We all have our own way of making a difference. For me, that way has been through writing. But Doreen makes a difference by doing.

One of my more spectacular spills of the day! (Which Doreen was more than happy to capture for posterity…)

One of her greatest passions is volunteering as an adaptive ski coach, helping blind and physically disabled individuals learn to ski and snowboard at Greek Peak’s Adaptive Snowsports Center. I got to see her in action in 2011, when she invited me to do a story about the Winter Challenge she’s involved with.

The day I spent with her and the challenge participants was truly life-changing for me on a personal level. (And not only because I learned how much abuse my body can take – I fell A LOT. You can read all about it here.)

It also solidified my friendship with Doreen, something for which I will always be grateful. We’ve golfed together, skied together, laughed and cried. I’ve come to value her opinion and her insight on so many topics and issues, particularly those relating to education and agriculture. And one story she told me, about a piece of advise someone gave her early in her career, has been something I’ve gone back to on more than one occasion.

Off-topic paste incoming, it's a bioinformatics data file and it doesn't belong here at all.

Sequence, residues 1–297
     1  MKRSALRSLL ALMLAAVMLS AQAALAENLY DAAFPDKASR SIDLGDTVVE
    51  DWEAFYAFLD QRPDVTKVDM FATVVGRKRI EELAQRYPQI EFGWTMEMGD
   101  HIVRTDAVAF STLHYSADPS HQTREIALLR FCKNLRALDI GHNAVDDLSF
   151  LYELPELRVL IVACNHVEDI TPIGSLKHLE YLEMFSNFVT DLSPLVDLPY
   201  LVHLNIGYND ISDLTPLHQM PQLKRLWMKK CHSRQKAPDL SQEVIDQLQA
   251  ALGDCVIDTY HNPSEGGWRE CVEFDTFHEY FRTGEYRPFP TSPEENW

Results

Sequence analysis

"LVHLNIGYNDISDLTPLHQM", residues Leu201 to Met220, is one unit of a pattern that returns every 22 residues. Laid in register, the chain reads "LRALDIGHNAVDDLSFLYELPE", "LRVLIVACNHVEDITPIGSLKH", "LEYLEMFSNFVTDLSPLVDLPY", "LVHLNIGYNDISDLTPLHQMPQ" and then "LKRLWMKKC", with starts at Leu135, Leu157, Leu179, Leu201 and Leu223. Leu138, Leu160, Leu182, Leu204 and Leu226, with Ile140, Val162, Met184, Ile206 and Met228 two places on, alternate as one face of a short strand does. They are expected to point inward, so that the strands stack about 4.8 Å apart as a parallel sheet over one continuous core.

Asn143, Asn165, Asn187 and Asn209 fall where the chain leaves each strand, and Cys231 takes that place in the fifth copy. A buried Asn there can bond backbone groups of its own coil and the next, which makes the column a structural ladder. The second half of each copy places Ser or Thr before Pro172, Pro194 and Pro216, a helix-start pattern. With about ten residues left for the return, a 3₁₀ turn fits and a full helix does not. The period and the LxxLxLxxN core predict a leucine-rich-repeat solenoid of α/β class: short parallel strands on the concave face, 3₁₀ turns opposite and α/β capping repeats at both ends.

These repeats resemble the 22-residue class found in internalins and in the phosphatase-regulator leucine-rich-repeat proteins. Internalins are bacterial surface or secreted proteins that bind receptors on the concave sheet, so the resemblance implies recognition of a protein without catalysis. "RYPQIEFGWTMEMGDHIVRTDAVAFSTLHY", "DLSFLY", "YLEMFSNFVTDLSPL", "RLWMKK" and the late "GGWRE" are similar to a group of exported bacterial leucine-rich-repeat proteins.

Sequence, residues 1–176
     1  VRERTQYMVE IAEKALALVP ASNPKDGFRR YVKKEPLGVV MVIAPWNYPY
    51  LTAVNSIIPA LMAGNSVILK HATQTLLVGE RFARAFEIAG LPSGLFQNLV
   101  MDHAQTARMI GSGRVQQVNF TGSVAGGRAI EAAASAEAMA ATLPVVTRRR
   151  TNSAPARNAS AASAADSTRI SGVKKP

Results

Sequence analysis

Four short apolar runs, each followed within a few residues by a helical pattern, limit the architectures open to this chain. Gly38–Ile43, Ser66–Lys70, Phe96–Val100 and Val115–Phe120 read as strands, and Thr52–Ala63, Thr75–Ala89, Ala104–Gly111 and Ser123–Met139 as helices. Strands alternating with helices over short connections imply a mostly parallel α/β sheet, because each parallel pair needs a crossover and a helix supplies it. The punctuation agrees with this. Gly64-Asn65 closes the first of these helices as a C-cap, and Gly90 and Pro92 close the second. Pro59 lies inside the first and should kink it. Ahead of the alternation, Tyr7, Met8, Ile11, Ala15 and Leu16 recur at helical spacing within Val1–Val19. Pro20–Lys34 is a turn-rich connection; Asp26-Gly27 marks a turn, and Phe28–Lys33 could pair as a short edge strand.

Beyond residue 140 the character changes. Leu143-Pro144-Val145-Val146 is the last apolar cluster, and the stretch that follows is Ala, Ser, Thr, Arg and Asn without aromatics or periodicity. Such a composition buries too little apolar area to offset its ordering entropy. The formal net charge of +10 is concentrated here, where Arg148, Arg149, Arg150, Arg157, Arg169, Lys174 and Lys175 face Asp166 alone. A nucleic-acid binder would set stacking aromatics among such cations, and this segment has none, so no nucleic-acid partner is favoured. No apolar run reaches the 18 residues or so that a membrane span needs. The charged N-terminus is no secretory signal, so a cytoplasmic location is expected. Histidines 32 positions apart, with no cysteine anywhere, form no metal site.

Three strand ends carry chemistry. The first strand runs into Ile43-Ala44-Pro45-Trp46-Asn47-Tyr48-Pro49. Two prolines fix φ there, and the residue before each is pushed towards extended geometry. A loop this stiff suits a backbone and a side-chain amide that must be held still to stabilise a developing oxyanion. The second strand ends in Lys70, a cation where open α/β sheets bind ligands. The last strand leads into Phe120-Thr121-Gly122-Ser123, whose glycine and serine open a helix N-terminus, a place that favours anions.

Every time I see or talk to her, I am more amazed. There’s a reason my mother calls her Wonder Woman. She’s a one woman dynamo. And she pushes me to be a better person, simply because I want to be more like her. Although she has no way of knowing that, because I’ve never taken the time to tell her.

Until now.

Doreen, without realizing it, you’ve become an amazing influence on my life. You inspire me to put my heart into everything I do, and to be there for others. Your selfless acts and strength have touched so many lives, including my own. I cherish the time we’ve spent together, and I can’t wait to hit the golf course and the slopes with you again.

You have never been far from my thoughts these last few weeks, and you and your family will remain in my prayers throughout your recovery.

Get well soon, my friend.

And thank you for teaching me yet another life lesson: how very important it is to let people know how much they mean to you.